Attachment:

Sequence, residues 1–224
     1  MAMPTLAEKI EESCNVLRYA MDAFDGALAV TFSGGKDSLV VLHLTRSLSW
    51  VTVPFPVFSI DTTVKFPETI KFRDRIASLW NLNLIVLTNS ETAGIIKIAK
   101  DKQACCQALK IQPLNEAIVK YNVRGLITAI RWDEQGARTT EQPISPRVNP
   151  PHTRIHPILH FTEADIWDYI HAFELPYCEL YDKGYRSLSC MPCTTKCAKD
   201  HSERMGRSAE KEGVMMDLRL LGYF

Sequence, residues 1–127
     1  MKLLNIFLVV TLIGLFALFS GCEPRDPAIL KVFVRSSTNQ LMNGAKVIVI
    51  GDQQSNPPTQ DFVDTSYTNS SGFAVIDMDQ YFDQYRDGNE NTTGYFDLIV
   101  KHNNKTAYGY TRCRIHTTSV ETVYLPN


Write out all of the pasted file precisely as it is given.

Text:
Sequence, residues 1–224
     1  MAMPTLAEKI EESCNVLRYA MDAFDGALAV TFSGGKDSLV VLHLTRSLSW
    51  VTVPFPVFSI DTTVKFPETI KFRDRIASLW NLNLIVLTNS ETAGIIKIAK
   101  DKQACCQALK IQPLNEAIVK YNVRGLITAI RWDEQGARTT EQPISPRVNP
   151  PHTRIHPILH FTEADIWDYI HAFELPYCEL YDKGYRSLSC MPCTTKCAKD
   201  HSERMGRSAE KEGVMMDLRL LGYF

Sequence, residues 1–127
     1  MKLLNIFLVV TLIGLFALFS GCEPRDPAIL KVFVRSSTNQ LMNGAKVIVI
    51  GDQQSNPPTQ DFVDTSYTNS SGFAVIDMDQ YFDQYRDGNE NTTGYFDLIV
   101  KHNNKTAYGY TRCRIHTTSV ETVYLPN